The White House Is Leaky (But It's Not Totally Their Fault)

White House Chief of Staff John Kelly, right, looks on as President Donald Trump speaks with Don Bouvet in the Oval Office of the White House, Friday, Feb. 9, 2018, in Washington. (AP Photo/Evan Vucci)

There’s a debate raging over the leak of a private comment made by White House aide Kelly Sadler in which she, rather insensitively, made comments about the failing health of Sen. John McCain (R-AZ).


On one side, reporters are shocked and dismayed a White House aide would be so cavalier in comments about a sitting senator battling an aggressive cancer. On the other, the White House has a leak problem, and staffers are getting a little tired of seeing their private comments in print.

White House press secretary Sarah Sanders privately berated the White House communications and press staff Friday after a leak the previous day of comments by aide Kelly Sadler about Sen. John McCain, according to several sources familiar with the meeting.

In discussing McCain’s opposition to CIA nominee Gina Haspel, Sadler, a special assistant who handles surrogate communications for the White House, said in a private meeting Thursday that it doesn’t matter “because he’s dying anyway.” It was a joke that fell flat, a White House official told CNN.
Despite publicly refusing to criticize the remark, Sanders told the press staff that Sadler’s comment was inappropriate, according to several sources familiar with the meeting.
During the dressing down, Sanders focused more on how the remark was leaked apparently in an attempt to target Sadler with a damaging story, one of the sources told CNN.
In the aftermath, Axios (who has been the happy recipient of a great deal of the leaked information) published an interesting piece (by reaching out to leakers that they admittedly use frequently as sources) about why this White House is behaving like a sieve:

This White House leaks like there’s no tomorrow.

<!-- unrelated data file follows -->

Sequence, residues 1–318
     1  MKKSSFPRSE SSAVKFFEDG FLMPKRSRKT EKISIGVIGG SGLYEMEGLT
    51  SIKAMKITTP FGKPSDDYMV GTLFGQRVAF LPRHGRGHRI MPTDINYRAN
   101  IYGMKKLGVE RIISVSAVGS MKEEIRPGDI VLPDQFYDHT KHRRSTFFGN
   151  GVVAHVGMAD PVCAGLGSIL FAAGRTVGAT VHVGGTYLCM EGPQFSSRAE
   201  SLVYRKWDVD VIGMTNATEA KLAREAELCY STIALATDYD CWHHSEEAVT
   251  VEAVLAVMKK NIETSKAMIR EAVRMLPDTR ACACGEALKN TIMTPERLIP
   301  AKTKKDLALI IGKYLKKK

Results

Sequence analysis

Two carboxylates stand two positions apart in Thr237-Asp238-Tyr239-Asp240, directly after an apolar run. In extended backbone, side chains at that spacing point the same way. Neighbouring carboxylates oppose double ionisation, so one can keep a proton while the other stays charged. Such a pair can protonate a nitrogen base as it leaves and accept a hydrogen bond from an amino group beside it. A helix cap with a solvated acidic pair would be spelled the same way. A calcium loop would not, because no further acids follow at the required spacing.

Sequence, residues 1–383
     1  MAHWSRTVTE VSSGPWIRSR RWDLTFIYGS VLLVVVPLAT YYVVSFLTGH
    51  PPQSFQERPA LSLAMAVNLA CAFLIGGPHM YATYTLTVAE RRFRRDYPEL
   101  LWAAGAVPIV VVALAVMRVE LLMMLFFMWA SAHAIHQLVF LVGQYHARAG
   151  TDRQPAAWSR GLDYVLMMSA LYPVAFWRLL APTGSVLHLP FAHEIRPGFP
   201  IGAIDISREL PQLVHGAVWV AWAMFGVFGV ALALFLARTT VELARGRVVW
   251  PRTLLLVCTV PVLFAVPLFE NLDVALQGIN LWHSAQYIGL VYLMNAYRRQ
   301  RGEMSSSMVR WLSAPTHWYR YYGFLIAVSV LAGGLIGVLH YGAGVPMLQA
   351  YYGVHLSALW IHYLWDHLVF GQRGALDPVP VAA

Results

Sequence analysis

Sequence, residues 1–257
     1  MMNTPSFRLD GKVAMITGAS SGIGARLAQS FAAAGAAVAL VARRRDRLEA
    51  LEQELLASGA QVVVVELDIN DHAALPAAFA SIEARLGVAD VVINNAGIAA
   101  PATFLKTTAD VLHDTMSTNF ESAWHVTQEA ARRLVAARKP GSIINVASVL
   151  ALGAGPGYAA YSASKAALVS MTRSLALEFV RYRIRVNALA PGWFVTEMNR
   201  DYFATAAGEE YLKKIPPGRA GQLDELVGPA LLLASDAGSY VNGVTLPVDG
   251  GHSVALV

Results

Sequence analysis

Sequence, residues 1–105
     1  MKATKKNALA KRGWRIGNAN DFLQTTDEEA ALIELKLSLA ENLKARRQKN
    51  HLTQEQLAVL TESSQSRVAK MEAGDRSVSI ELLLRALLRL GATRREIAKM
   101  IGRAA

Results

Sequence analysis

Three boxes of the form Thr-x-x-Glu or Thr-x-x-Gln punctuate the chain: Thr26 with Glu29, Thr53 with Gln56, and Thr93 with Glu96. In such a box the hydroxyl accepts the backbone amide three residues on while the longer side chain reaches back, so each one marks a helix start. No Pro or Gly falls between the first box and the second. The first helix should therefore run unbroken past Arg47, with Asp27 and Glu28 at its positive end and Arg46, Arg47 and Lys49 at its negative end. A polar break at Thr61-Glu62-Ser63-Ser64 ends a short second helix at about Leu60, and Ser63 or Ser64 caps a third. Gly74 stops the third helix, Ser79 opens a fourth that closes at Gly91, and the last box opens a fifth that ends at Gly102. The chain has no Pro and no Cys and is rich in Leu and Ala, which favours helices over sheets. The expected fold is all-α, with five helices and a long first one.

• The leaks come in all shapes and sizes: small leaks, real-time leaks, weaponized leaks, historical leaks. Sensitive Oval Office conversations have leaked, and so have talks in cabinet meetings and the Situation Room. You name it, they leak it.
  • My colleague Mike Allen, who has spent nearly 20 years covering the White House, says we learn more about what’s going on inside the Trump White House in a week than we did in a year of the George W. Bush presidency.
  • This White House leaks so much that meetings called to bemoan leaks begin with acknowledgement the bemoaning will be leaked, which is promptly leaked…by several leakers in a smallish room.

“Leaking is information warfare; it’s strategic and tactical — strategic to drive narrative, tactical to settle scores,” the source said.

  • Another former administration official said grudges have a lot to do with it. “Any time I leaked, it was out of frustration with incompetent or tone-deaf leadership,” the former official said.

Another leaker told Axios: “you have to realize that working here is kind of like being in a never-ending ‘Mexican Standoff.’ Everyone has guns (leaks) pointed at each other and it’s only a matter of time before someone shoots. There’s rarely a peaceful conclusion so you might as well shoot first.”


But it’s hard to blame them when there’s an outlet like Axios that presents itself as a reputable, trustworthy news outlet, but also puts out a call like this:

“I’m also told leaking is pretty fun. Give me a call if you’d like to try it out.”

If the White House is serious about tamping down leaks, it’s going to have to figure out how to incentivize staffers against talking to outlets like Axios, no matter how much “fun” it is.


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